Was the conclusion of The Kite Runner satisfiying?Was the conclusion of The Kite Runner satisfiying?

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teachersyl's profile pic

teachersyl | (Level 2) Adjunct Educator

Posted on

When discussing it with my students, we concluded that the ending was "more hopeful than happy." Whether it was satisfying depends heavily on what the reader expects out the novel's end.

If we look at it simply in terms of conflict resolution, then the ending is satisfying. Assef is eliminated as a threat, and Sohrab is in America. Amir learns the truth about his family, and finally does right by Hassan.

litteacher8's profile pic

litteacher8 | High School Teacher | (Level 3) Distinguished Educator

Posted on

This question made me think for a while. For me, the conclusion was only somewhat satisfying but I think it had more to do with the context in which I was reading the book. At the time, Afghanistan was a powder key about to erupt but we were in Iraq. I had not known much about Afghanistan before reading this book, and when I finished it I was thinking about what was going to happen in Afghanistan next.  I think the book personalized it for me.  I now had characters in my head.

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accessteacher | High School Teacher | (Level 3) Distinguished Educator

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I personally believe that the conclusion to this excellent story is definitely satisfying. The reason for this is that it gives us a seed of hope for a better future for Sohrab. Some might criticise the ending for the way that it is not a traditional "happy ending," and yet, given the experiences that Sohrab has been forced to endure, the realists among us have to acknowledge that such trauma is not going to be reversed in a short period of time. Note how the narrator himself responds to the smile that symbolises such hope:

It was only a smile, nothing more. It didn't make everything all right. It didn't make anything all right. Only a smile. A tiny thing. A leaf in the woods, shaking in the wake of a startled bird's flight.

But I'll take it. With open arms. Because when spring comes, it melts the snow one flake at a time, and maybe I just witnessed the first flake melting.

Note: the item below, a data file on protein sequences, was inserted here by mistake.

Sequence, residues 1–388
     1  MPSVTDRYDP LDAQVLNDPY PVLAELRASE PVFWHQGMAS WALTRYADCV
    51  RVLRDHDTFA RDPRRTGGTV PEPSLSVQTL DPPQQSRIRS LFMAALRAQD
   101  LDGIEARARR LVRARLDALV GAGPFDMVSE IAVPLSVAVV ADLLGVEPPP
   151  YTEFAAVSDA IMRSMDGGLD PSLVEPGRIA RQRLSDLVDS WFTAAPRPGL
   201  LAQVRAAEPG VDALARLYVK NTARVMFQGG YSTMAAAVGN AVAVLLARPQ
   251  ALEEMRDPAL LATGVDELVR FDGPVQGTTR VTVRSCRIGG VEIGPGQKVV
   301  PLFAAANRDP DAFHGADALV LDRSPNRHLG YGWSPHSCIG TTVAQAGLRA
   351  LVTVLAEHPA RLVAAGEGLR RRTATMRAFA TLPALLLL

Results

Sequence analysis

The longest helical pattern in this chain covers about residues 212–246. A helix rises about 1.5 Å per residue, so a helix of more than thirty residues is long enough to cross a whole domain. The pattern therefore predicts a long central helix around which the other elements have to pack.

We are not given the complete happy ending that perhaps we would like, but what we are given is a sign of hope that this happy ending is there at some point in the future. The narrator is very realistic about this smile and what it represents, admitting that it doesn't suddenly sweep away all the abuse that Sohrab has suffered, but his comparison to this smile being like the first snowflake melting in spring clearly indicates that this could represent a beginning.

Personally, therefore, I think the conclusion is very satisfying, because it does not present us with an unrealistic happy ending. It is clear from the ending that Sohrab has a long journey to complete on his voyage towards recovery, but we are permitted to see the first step of that journey, which is a real privilege, and foreshadows that journey's completion.

bval's profile pic

bval | High School Teacher | (Level 1) Honors

Posted on

I think you can defend both sides of this question. One can say that the conclusion is not satisfying because Hassan is no longer alive, and Amir is never able to make amends to his friend while is his alive. When the two are young Amir commits the sin of watching his friend, Hassan, get raped in the alley, and he does not do anything to stop it. Amir then frames Hassan and tries to make Baba turn his back on Hassan. Amir lives with this guilt for most of his life. Even after moving to American, the guilt eats away at Amir. Since Amir never speaks to his friend, and he is never able to make amends while Hassan is alive, one can argue that the end of the book does not satisfy the crime that was committed when the boys were young.

However, a more popular answer to this question may be that the book ends with a satisfying conclusion. Amir receives a call from an old friend in Kabul and learns that there is "a way to be good again." Amir learns that Hassan has died, but before he died he had a son. Amir returns to Kabul to get Hassan's son, and he brings him back to America to have a better life. The book ends with Amir and Hassan's son flying kites in America. This activity of kite flying is similar to what Amir and Hassan did as boys prior to the sin in the alley. At the end of the book, Amir looks at Hassan's son's smile and he is reminded of his friend. One can argue that the conclusion allows Amir to obtain redemption for his past sins because he is now taking care of Hassan's son and therefore doing right by his old friend.

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